Rep. Elijah Cummings, D-Md., the ranking member of the House Committee on Oversight and Government Reform, wrote to the companies after an article by ProPublica and The New York Times found that insurance companies sometimes favor cheaper, more addictive opioids over less addictive, but more expensive, alternatives.
Attorneys general for 37 states sent a letter Monday to the health insurance industry’s main trade group, urging its members to reconsider coverage policies that may be fueling the opioid crisis. The letter is part of an ongoing investigation by the state officials into the causes of the opioid epidemic and the parties that are most responsible. The group is also focusing on the marketing and sales practices of drug makers and the role of drug distributors.
Reversing course, federal health officials withdrew a proposal that would have required private accrediting organizations to publicly release reports of problems they found in health care facilities. Accreditors and hospitals had panned the idea; consumer advocates and business groups supported it.
In Washington, D.C., a Medicare beneficiary filled prescriptions for 2,330 pills of oxycodone, hydromorphone and morphine in a single month last year — written by just one of the 42 health providers who prescribed the person such drugs. In Illinois, a different Medicare enrollee received 73 prescriptions for opioid drugs from 11 prescribers and filled them at 20 different pharmacies. He sometimes filled prescriptions at multiple pharmacies on the same day.
No corner of the health care system would be harder hit than Medicaid, the federal-state health insurance program for the poor, if Republican leaders in Congress round up the votes to repeal major portions of the Affordable Care Act. GOP lawmakers have proposed winding down the Medicaid expansion that added 17 million people in 31 states and the District of Columbia under the ACA, and eventually capping the program’s spending per capita.
In the past few years, many seniors and disabled people have eschewed traditional Medicare coverage to enroll in privately run health plans paid for by Medicare, which often come with lower out-of-pocket costs and some enhanced benefits. These so-called Medicare Advantage plans now enroll more than a third of the 58 million beneficiaries in the Medicare program, a share that grows by the month.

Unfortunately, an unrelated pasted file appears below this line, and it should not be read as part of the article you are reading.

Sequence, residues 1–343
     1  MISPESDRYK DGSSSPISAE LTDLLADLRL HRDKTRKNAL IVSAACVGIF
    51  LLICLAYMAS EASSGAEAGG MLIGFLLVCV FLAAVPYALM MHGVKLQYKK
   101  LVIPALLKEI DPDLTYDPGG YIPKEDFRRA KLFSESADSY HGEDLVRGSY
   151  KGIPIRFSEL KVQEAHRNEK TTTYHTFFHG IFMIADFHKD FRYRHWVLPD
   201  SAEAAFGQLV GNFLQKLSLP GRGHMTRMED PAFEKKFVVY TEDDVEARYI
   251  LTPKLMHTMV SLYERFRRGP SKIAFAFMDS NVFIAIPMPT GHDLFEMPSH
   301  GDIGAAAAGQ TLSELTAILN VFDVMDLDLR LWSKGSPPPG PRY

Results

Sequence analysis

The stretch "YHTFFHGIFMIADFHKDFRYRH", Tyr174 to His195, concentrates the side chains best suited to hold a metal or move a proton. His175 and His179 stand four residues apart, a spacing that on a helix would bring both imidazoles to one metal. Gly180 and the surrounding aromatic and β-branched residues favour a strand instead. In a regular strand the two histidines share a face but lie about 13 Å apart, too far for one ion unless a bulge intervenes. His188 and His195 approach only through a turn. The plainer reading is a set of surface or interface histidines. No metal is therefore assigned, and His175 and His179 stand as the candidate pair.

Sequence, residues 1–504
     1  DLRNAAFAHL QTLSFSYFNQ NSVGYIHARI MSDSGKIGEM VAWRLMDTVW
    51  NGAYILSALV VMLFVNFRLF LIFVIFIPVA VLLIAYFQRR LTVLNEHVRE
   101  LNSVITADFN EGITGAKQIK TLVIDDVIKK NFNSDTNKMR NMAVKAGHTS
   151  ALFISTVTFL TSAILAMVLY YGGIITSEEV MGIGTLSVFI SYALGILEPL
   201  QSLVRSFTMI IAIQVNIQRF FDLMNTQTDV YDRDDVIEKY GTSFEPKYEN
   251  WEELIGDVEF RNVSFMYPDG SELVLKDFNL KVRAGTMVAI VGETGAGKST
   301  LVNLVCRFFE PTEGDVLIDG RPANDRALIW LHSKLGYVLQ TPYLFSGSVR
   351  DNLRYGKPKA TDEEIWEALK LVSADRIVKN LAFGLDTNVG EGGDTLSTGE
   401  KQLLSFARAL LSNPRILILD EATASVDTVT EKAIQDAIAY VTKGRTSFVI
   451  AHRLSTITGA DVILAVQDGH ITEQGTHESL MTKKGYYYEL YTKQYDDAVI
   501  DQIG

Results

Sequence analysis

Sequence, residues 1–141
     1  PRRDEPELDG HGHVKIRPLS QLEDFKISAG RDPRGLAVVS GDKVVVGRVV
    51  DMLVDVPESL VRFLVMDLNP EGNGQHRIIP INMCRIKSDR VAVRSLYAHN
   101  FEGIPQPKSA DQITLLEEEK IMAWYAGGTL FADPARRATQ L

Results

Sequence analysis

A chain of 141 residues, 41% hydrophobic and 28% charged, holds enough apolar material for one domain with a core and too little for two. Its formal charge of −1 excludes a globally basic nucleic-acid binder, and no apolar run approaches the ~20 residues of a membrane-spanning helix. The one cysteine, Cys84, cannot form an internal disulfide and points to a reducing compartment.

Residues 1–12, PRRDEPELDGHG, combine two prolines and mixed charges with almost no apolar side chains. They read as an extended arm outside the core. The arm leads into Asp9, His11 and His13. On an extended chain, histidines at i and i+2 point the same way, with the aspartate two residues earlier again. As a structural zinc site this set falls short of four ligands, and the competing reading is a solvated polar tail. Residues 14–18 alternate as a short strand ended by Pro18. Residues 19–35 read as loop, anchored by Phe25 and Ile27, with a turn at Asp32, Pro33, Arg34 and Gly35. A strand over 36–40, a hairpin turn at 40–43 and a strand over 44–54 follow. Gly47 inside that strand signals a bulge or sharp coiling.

“From my point of view, I will do anything to help veterans, any legitimate veteran, and I’ve done it plenty of times,” he told the Advisory Committee on Disability Compensation, a group that advises the VA. “Unfortunately when it comes to this Agent Orange, we have to have a lot of denials.”
As elected officials increasingly turn to social media to communicate with constituents, some are blocking those who disagree with them. Some say it violates the First Amendment. Legislators say it’s about promoting a “healthy, civil dialogue.” Expect court battles ahead.
Earlier this month, a day after the House of Representatives passed a bill to repeal and replace major parts of the Affordable Care Act, Ashleigh Morley visited her congressman’s Facebook page to voice her dismay.
When teaching hospitals put pharmaceutical sales representatives on a shorter leash, their doctors tended to order fewer promoted brand-name drugs and used more generic versions instead, a study published today in the Journal of the American Medical Association shows.
The public could soon get a look at confidential reports about errors, mishaps and mix-ups in the nation’s hospitals that put patients’ health and safety at risk, under a groundbreaking proposal from federal health officials. The Centers for Medicare and Medicaid Services wants to require that private health care accreditors publicly detail problems they find during inspections of hospitals and other medical facilities, as well as the steps being taken to fix them.
Though Republicans control both houses of Congress, many have stayed silent, at least on their websites. Sen. Richard Shelby, an Alabama Republican, put out a press release last week about a study of red snapper in the Gulf of Mexico, but nothing on health care. (You can see all of the statements in ProPublica’s Represent news app, which tracks votes and statements by members of Congress.)
Among members of the House, where the action is now focused, about 46 percent of Republicans have issued statements about health care reform from the start of the Trump administration to this week. Among Democrats, 67 percent.